Downtown Las Vegas looked like downtown Los Angeles was a decade ago, a city center on the cusp of gentrification. There’s an art district, some hip bars and buildings that might house lofts. Still, there’s a seedy vibe that gets stronger as we veered closer to the Marriage Bureau. At 8 p.m. on a weeknight, the neighborhood was nearly desolate. There were a few stragglers here and there. They looked familiar, as though I had seen them on Cops.
Inside the Marriage Bureau, the line was short. At most, five couples stood in front of us. They were mostly touchy-feely, but not enthused. There’s a distant look in their eyes. Whether that’s the result of jadedness or the glare of casino lights remains unknown. They were wearing flip-flops.
The previous afternoon, we decided to go to Vegas and get hitched. We had just enough time to get a ring and some new outfits, score a deal on a room at Paris and squeeze in haircuts before we gassed up the car and headed out to the desert. It took about five hours to get to Las Vegas, another hour to settle into the hotel room and change into our wedding clothes and about a half-hour to find the Marriage Bureau. Now we were filling out applications in pencil. Sober. I later learned that this is not how you get married in Vegas.
There’s a blonde woman behind the counter who looks older than she probably is. She sifted through the papers, all the while talking to her co-workers. My giddiness was tempered by her workaday instructions. I no longer felt like I was getting married. I felt like I was trying to pay a parking ticket.
I knew that Carlos was the guy I would marry back in early 1999. He was on stage playing with a band you may or may not know inside a divey club that no longer exists. We were already seeing each other sort of on the sly. It’s a long story. Point being, we decided back then that we would take things slowly and we did. Our first kiss was in December of 1998. Our first husband-and-wife kiss was in April of 2013.
We were on-again/off-again for the first few years, but solid by 2001. Still, more than a decade passed between the proclamations of undying love and the nuptials. We had talked about marriage, but there was always something in the way. Bad jobs. Grad school. My dad’s illness and eventual death. More bad jobs. No jobs. Maybe we would never find eternal happiness in the eyes of the law. Maybe we were fine just the way we were.
In the end, it was another lousy situation that pushed us to Vegas. I was going to lose my health insurance. We did the research. Just because you’re domestic partners with someone– just because you’ve been with this person for most of your adult life– doesn’t mean that you’re necessarily enough of a domestic partner to get on his/her insurance plan. You have to be registered with the state for that, at least in our case. In California, you can only register as a domestic partner if you’re a same-sex couple or are old. We are neither. Marriage was the only option and we had to do it fast. We looked into eloping in L.A. You had to go one day to get your license and then come back on a Friday for the ceremony. That seemed tedious. We might as well cross the state line to make this relationship legit.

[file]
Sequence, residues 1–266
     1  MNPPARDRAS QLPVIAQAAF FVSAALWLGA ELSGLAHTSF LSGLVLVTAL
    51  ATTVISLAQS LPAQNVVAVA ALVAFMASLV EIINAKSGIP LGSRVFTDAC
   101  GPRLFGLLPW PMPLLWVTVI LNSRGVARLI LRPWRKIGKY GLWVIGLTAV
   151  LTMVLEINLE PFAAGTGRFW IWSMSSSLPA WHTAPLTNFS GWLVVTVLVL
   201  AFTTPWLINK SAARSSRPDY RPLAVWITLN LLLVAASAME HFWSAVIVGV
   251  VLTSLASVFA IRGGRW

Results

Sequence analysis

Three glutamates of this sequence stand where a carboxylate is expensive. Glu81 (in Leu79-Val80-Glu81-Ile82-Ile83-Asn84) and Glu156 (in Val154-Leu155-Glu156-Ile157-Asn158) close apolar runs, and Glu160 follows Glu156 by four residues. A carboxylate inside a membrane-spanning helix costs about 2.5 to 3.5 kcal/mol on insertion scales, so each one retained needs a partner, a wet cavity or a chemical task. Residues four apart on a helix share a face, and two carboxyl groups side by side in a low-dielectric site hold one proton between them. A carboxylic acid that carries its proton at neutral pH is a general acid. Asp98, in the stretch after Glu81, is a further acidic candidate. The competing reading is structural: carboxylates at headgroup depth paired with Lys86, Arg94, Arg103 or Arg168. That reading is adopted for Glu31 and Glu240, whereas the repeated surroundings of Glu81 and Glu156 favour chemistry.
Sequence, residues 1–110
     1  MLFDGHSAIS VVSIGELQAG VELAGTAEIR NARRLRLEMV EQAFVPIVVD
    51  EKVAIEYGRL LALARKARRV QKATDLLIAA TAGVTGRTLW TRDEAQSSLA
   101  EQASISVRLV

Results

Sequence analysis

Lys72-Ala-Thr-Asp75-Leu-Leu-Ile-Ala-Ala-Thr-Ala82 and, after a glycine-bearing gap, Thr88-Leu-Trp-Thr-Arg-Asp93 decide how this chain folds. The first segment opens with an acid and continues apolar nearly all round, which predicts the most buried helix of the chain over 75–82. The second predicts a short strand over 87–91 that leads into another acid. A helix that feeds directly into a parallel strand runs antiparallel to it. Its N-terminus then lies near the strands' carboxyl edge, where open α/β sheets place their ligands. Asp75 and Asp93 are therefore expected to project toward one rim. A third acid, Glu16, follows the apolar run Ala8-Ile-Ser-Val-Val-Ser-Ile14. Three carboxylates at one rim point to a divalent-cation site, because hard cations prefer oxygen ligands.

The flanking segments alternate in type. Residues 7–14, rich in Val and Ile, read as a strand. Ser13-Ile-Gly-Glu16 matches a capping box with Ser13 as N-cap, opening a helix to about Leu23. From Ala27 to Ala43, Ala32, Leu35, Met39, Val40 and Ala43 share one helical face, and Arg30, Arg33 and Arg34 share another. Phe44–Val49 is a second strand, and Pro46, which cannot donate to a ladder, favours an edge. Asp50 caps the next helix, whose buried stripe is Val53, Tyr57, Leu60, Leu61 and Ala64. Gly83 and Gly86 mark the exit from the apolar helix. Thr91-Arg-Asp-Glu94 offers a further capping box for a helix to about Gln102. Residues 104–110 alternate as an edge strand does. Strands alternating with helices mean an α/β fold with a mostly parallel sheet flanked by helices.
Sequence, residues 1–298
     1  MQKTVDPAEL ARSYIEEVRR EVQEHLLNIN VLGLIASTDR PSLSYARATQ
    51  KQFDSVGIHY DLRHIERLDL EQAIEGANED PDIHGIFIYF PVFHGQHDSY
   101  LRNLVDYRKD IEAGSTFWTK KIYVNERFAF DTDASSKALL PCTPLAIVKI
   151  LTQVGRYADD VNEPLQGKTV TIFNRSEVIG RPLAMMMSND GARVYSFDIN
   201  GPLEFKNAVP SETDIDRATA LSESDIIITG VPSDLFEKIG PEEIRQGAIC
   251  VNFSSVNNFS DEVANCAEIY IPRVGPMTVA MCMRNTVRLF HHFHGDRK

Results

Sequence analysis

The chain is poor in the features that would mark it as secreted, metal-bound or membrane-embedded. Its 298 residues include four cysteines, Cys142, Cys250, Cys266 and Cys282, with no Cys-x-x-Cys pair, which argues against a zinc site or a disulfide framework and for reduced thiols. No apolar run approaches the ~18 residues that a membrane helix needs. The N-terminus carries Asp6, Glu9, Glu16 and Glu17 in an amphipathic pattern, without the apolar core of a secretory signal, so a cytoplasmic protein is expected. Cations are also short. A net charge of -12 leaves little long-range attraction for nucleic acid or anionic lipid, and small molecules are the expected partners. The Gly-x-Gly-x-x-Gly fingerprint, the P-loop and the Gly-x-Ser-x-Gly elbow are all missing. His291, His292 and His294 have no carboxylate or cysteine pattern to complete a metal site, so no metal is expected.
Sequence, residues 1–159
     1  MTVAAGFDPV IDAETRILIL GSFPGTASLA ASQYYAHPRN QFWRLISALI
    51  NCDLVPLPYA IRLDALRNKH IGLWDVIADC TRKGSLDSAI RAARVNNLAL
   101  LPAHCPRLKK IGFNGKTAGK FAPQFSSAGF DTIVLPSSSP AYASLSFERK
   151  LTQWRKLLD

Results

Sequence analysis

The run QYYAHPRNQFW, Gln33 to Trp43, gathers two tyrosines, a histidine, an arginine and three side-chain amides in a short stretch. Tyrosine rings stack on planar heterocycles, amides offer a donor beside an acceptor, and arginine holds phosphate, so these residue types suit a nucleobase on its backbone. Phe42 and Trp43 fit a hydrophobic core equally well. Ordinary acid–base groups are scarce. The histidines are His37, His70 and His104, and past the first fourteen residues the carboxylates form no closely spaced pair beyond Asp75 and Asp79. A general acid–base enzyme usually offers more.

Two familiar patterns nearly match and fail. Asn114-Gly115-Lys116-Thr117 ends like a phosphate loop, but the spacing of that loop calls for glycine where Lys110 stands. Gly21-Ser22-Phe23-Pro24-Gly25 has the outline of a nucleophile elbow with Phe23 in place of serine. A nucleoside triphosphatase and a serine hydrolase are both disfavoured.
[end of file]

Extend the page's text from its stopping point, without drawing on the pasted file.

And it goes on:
I know this sounds like the most boring reason ever to get married, and maybe I shouldn’t even mention this part of the story. The fact is, though, that this was how we ended up in a sad sack County building in the land of the quickie marriage. This was how the World’s Longest Courtship morphed into the World’s Shortest Engagement.
Once we exited the Marriage Bureau, random people ran towards us with well wishes and flyers. There are a lot of wedding chapels in this neighborhood and their street teams promote the venues as though they were the hottest nightclubs in the city. It’s a quirky thing about Vegas. There are flyers for everything: nightclubs, wedding chapels, hookers. We glanced at the advertisements, but ultimately settled on a small castle across the street. It was the only chapel that didn’t look like it could double as a sex shop.
There are a myriad different wedding packages available in Las Vegas. Much to our dismay, Elvis was not on the premises when we stopped by the chapel. We briefly considered a drive-thru option, but figured our wedding should be a little different than the In-N-Out lunch we had in Apple Valley earlier that day. Instead, we chose a courtyard wedding. It was small and private, just us and the minister inside a gazebo as a witness watched from somewhere else. I’m not even sure who our witness was.
My memory is hazy. I can’t tell you what the reverend said. I can’t remember how I responded to anything or how Carlos reacted. All I remember was absolute peace and happiness. For the first time in my life, my mind was quiet. I wasn’t thinking about everything that needs to be done. I wasn’t dwelling on every mistake I ever made. I was’t struggling to make things perfect. I was just staring at the guy that I’ve loved since I was a college girl, the guy who was now, officially, my partner until death. Oh my God, is this that thing called bliss?
After the wedding, we headed back to to Paris, where the music was all Jersey Boys all the time. “December 1963” was playing when we took the elevator downstairs.
“Do you know what this song is about?” Carlos asked.
“I think it’s about a guy losing his virginity to a hooker,” I answered.
We’ve had this conversation countless times. Now, though, we will forever associate “December 1963” with our wedding.
We went for a walk along the Strip. I started ranting, “People spend billions of dollars creating the most ridiculous place on the planet and everyone’s walking around in shorts and flip-flops…You’ve got to class it up or camp it up.”
“Want another drink?”
“Sure,” I said before rambling a litany fashion crimes on the Strip.
Life was back to normal, except that we were married now.